3. Put the clean sand back in place and plant trees on top of the site.
      Which is exactly what an oil sands operation does, except the oil is in the sand naturally.

    • 0 avatar

      Kevin: the tar sand gets mined for the most part. At a minimum you have as much damage as with any other open pit mining. Then all of the bituminous sand (you didn’t think you can extract 100% of the bitumen?) gets dumped. The bitumen coming out also needs to be refined in less clean ways than “sweet”  crude. In addition the whole energy intensive mining operation and extraction.
      With liquid crude you drill one hole and you can cover many acres of oil field. A spill is contained to the pipeline or the hole. With tar sand you unearth the entire “oil field”. In addition all the problems with ground water from moving large amounts of soil, waste disposal (chemicals are used too, lots of…).

    • 0 avatar

      I have been living and working in Fort McMurray for over 5yrs now. These comments are for the most part accurate. Which is shocking seeing as we are seen as bad for the environment. I can’t speak for all the industry here but working at Syncrude we have had some of our reclaimed land certified by the government. Yes this is a big mining operation but keep in mind that only 2% of the oil is recoverable with open mines.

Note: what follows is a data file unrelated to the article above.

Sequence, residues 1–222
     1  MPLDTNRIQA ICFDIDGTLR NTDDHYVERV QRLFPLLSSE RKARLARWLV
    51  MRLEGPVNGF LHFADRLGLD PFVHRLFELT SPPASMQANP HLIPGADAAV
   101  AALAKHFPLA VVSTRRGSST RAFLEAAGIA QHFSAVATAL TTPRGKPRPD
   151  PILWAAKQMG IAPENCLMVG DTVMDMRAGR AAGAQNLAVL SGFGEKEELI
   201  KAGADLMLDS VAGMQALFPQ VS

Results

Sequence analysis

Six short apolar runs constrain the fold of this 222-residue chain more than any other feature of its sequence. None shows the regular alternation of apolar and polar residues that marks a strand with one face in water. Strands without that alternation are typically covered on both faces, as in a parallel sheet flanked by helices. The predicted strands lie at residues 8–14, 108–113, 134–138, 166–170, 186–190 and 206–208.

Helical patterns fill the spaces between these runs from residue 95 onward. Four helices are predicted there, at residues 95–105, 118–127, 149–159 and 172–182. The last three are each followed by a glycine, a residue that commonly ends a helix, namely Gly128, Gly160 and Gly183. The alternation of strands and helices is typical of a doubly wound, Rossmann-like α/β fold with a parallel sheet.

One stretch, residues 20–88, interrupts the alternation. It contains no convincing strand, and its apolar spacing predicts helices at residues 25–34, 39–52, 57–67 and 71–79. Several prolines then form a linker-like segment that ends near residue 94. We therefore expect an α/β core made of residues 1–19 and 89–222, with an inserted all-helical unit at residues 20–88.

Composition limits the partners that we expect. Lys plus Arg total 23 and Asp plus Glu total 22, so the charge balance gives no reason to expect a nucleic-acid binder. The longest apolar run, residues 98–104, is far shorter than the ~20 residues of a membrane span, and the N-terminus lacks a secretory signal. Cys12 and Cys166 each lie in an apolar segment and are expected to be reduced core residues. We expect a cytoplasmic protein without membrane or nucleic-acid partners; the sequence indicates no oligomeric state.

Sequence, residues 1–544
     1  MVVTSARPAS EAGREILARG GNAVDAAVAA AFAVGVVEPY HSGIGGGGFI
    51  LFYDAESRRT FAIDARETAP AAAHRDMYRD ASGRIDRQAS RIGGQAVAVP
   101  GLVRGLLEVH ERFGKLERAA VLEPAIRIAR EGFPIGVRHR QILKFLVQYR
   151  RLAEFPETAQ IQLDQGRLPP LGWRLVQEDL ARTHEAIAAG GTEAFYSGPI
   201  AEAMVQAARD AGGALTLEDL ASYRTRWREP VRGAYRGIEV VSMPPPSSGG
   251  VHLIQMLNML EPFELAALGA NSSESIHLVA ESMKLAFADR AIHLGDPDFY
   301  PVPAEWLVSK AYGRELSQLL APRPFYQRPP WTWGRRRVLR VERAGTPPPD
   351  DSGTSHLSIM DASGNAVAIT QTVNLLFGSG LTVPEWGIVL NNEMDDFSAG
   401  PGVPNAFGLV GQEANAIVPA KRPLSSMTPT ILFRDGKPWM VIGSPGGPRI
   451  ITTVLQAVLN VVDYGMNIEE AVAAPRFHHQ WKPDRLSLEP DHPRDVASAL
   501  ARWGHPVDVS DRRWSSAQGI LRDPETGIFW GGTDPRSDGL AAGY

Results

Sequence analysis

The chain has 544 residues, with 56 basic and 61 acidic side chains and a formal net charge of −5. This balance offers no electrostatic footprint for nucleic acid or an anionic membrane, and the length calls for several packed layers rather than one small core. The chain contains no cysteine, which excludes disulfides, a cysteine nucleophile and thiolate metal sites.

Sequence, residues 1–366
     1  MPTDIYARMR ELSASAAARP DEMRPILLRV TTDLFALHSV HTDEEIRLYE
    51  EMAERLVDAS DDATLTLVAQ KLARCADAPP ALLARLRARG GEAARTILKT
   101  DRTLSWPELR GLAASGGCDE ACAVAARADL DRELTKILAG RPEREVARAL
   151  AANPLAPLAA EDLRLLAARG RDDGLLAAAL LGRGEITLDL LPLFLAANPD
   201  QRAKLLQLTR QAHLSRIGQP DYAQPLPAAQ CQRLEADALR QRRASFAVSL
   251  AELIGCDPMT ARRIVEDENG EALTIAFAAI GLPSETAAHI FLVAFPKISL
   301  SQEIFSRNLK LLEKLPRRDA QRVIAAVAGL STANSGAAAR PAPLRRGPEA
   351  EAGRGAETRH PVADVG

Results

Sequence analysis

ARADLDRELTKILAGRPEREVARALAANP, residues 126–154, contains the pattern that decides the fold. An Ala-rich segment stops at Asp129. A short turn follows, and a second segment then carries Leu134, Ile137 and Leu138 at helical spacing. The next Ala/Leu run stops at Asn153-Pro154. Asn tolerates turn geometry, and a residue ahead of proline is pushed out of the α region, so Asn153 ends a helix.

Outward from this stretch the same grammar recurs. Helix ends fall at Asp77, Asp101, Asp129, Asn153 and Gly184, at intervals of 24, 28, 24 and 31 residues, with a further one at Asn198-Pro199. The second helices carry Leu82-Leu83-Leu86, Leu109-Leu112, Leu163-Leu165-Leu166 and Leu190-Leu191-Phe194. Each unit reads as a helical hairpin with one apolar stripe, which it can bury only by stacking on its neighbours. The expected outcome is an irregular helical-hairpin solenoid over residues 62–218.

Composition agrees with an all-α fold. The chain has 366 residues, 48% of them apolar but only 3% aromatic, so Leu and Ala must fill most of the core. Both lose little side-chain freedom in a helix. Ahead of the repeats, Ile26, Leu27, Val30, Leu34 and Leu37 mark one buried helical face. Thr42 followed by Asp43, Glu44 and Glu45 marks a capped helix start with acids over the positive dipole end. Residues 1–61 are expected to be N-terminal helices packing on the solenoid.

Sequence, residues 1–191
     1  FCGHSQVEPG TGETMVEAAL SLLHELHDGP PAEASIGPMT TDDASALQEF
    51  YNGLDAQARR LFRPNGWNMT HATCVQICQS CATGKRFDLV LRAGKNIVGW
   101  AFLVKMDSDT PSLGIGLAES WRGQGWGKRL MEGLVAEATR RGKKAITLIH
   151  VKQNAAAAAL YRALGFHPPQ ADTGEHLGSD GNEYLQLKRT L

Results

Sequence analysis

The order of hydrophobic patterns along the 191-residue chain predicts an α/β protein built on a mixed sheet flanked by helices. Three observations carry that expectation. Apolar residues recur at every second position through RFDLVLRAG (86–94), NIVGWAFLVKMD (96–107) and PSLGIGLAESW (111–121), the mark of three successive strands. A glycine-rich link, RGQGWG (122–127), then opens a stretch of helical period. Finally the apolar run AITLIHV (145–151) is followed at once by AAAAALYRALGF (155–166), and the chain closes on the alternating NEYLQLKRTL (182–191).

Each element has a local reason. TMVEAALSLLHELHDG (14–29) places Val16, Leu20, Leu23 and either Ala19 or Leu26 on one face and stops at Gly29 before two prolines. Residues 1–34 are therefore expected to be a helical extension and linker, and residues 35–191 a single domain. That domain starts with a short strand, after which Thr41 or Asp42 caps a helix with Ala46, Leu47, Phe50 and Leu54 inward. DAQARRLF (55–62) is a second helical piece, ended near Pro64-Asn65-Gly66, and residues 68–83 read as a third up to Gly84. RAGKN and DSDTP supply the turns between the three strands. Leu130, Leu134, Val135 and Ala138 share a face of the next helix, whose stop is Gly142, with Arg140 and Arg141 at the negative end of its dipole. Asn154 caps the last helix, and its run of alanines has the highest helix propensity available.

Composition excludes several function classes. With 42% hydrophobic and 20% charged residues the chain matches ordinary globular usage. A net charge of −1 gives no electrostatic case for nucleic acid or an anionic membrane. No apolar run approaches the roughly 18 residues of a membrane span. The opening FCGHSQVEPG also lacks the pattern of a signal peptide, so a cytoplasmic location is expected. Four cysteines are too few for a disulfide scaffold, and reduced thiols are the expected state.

As to the piece above. EV’s will have little to no bearing on our production here. Oil prices, Government regulations, investors, and economy will decide our fate. Until EV’s become a larger part of the market and the energy and parts required for them move away from oil; I say its a non issue.

    • 0 avatar

      I’m starting to suspect that this is the basis of Canadian environmental policy.
      They can claim to be green because their economy runs on extractive (logging, mining, oil pumping) industries in areas far more isolated than those in the U.S.